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Mind the gap- open communication protocols for vehicle grid integration


Mass adoption of battery electric vehicles (BEVs) and their associated charging requirements introduce new electricity demand, which needs to be managed to minimise electricity grid upgrades. Management of BEV charging requires coordination and communication between various mobility and energy entities. Communication protocols provide a set of rules and guidelines to facilitate the communication and data exchange between two or more entities to ensure successful charging demand management and electricity grid integration of BEVs. A key challenge is that companies are currently developing and implementing several proprietary protocols to manage BEV charging, which could risk losing or vastly under-utilising BEV charging demand flexibility, and consequently hindering proper grid integration. This work presents the status quo on communication protocols and standards for vehicle grid integration and it is targeted for industries and governments. The objectives of the work are to review current protocols, present some of the advantages of open protocols, identify challenges and additional efforts required to develop, implement, and standardise these protocols to ensure that charging infrastructure for electric vehicles is synergistic with the operation of the electricity system.


Battery electric vehicles (BEVs)Footnote 1 can break our dependence on fossil fuels in both transport and electricity sectors.

BEV mass adoption and the associated battery charging requirements introduce new electricity demand, which needs to be managed to minimise electricity gridFootnote 2 upgrades (Fernandez et al. 2011; Calearo et al. 2019). Managing charging demand include shifting BEV charging from existing electricity demand peak, avoiding creating new local electricity demand peaks, and aligning BEV charging with renewable energy generation (e.g. daytime workplace charging using solar energy).

There is an inherent flexibility in BEV charging demand that facilitates management strategies to reduce reinforcement needs and increase renewable energy integration into electricity systems. This flexibility is due to cars being typically parked for long periods of time and BEVs’ battery capacity is in excess of most daily driving requirements (Neaimeh et al. 2015; Idaho National Lab 2016; Kempton 2016; Hardman et al. 2018; Quiros-Tortos et al. 2018).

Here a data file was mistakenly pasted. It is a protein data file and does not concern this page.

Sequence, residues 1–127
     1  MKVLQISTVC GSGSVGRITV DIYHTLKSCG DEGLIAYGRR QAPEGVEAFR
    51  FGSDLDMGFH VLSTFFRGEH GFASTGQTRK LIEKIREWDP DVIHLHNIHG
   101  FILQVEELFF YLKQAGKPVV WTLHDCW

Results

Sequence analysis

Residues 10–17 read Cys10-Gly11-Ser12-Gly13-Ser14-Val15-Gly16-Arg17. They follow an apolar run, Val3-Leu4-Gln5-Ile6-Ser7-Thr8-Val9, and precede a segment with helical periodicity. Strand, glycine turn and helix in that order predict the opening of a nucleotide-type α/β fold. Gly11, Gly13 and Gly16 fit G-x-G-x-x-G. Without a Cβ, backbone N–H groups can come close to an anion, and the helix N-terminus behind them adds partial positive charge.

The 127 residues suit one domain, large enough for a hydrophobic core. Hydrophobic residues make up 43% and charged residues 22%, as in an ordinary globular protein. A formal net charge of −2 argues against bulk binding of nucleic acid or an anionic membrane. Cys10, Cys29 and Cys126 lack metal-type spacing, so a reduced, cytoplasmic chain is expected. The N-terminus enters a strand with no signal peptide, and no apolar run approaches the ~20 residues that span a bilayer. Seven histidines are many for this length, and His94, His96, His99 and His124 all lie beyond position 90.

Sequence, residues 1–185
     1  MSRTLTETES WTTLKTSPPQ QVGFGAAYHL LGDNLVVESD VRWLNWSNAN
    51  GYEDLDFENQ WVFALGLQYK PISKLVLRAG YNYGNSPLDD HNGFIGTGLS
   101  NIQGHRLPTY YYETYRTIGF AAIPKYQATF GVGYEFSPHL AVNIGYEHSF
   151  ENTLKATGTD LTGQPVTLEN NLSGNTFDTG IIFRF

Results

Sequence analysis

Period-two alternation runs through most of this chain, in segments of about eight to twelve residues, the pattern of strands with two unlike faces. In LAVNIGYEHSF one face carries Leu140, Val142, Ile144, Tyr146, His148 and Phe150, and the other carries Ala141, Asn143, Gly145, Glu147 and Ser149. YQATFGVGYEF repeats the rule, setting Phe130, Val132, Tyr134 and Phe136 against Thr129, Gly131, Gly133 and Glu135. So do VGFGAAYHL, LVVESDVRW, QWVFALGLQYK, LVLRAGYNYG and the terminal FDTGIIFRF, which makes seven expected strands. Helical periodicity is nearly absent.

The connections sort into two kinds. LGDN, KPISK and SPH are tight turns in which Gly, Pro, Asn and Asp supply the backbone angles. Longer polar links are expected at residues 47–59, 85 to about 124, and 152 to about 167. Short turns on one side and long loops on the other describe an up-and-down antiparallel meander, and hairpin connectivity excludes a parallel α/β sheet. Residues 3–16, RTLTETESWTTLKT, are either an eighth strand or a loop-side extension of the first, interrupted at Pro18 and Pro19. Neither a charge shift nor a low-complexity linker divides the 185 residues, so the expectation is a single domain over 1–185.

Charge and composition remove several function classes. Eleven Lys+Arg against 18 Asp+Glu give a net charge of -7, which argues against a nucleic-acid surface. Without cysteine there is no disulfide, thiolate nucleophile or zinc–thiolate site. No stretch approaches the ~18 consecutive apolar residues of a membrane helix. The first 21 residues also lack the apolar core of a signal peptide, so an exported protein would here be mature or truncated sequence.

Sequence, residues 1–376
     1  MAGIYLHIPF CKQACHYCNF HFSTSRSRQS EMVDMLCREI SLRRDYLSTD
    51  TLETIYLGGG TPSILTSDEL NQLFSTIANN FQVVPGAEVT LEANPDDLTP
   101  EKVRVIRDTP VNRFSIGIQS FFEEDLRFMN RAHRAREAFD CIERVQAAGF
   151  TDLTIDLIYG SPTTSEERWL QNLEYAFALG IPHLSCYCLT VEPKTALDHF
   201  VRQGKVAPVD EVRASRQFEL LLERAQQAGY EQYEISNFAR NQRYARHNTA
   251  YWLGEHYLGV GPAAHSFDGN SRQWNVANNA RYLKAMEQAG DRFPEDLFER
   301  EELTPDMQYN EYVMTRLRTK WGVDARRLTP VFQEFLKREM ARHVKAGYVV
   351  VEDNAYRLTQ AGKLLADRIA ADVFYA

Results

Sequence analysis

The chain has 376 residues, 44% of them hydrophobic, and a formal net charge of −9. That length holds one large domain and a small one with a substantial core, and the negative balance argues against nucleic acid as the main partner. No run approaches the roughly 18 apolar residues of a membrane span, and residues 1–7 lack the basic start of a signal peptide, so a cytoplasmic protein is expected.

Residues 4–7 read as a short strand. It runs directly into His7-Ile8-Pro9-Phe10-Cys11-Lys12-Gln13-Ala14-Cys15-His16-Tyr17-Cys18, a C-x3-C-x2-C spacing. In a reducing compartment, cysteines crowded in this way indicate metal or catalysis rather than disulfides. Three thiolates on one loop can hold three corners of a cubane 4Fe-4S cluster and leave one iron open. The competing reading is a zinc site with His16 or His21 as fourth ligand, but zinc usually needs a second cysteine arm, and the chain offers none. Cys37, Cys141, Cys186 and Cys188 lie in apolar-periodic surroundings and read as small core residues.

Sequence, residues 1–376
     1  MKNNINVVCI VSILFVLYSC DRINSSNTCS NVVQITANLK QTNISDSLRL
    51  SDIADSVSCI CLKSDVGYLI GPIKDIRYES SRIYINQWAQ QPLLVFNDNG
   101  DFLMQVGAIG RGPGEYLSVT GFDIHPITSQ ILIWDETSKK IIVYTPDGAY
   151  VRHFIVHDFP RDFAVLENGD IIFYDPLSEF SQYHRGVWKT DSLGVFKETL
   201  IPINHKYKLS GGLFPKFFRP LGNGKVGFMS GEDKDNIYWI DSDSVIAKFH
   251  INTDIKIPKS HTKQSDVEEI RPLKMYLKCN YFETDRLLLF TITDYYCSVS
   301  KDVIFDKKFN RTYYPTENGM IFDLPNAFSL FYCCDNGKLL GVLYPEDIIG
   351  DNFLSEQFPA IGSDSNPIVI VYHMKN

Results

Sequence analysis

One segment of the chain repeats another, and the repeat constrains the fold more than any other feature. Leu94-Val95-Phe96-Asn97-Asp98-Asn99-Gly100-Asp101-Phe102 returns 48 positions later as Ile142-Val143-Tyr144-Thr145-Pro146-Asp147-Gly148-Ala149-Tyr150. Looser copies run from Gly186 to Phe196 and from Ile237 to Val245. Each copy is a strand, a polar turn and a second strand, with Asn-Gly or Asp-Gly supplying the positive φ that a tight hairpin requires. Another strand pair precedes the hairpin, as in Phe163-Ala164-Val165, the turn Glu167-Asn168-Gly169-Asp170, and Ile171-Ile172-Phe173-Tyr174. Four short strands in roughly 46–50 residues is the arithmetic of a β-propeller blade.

Cars are routinely parked for most hours at home and the workplace, where the majority of battery charging demand could be met (Fig. 1). Therefore, home and the workplace are key locations at which charging management is required to ensure successful electricity grid integration of BEVs.

Fig. 1
figure 1

Typical charging locations for private passenger BEVs. Home (i.e. residential) charging locations include private locations such as garages and off-street parking, and public locations such as on-street parking. When charging infrastructure at home and work (typically <= 22 kW) is neither available nor practical to meet charging demand, quick and fast chargers (50–150+ kW) located at “Other” locations such as supermarkets, and filling stations in urban areas and along long-distance travel corridors can be used to meet charging needs (Neaimeh et al. 2017; Nicholas and Hall 2018; Danish Electric Vehicle Alliance and DTU 2019)

It must be noted that the parking time of BEVs can only be exploited under certain circumstances when charging equipment is present, the duration is sufficient for the charging process to be flexible and that the BEV is actually plugged in (which may require a user incentive).

Communication requirements for BEV charging management- data, protocols, entities

The focus in this work is on the integration of BEVs into electricity grids and the immediate communication links that need to be established to facilitate BEV charging management strategies. Protocols facilitating electric mobility roaming- allowing EV drivers to charge their vehicles at all non-private charging stations (Ferwerda et al. 2018) are not in scope of this work.

Management of BEV charging at residential and workplace locations requires increasing need for coordination and communication between various mobility and energy entities (Fig. 2, Table 1). Specifically, informational and control objects need to be exchanged between BEV chargers and entities to allow electricity system support, such as electricity demand peak reduction. Information such as car identification; battery state of charge (SoC); battery size; energy required for next trip would flow up across entities. Based on that information, and on information collected from the electricity system infrastructure (e.g. frequency, current, and voltage data)(Zhang et al. 2018), chargers’ power set points are determined and sent down to control the charging process, ensuring proper integration of vehicles into the electricity grid. Such control should be dynamic so that a change in set points can be executed within seconds and ultimately as a sub-second response as required by some grid services (COTEVOS White Book 2016; Andersen et al. 2019).

Fig. 2
figure 2

Various EV ecosystem entities connected by communication protocols. Information and control objects must flow through entities to ensure proper grid integration. A direct communication link between a third party operator and charge points (referred here as BEV supply equipment) is specifically applicable for public charging infrastructure such as residential on-street chargers. For private charging infrastructure, we argue that communication to the charger would go through an EMS to optimise multiple resources co-located with BEVs (i.e. heat pumps, solar energy systems) at home or a workplace campus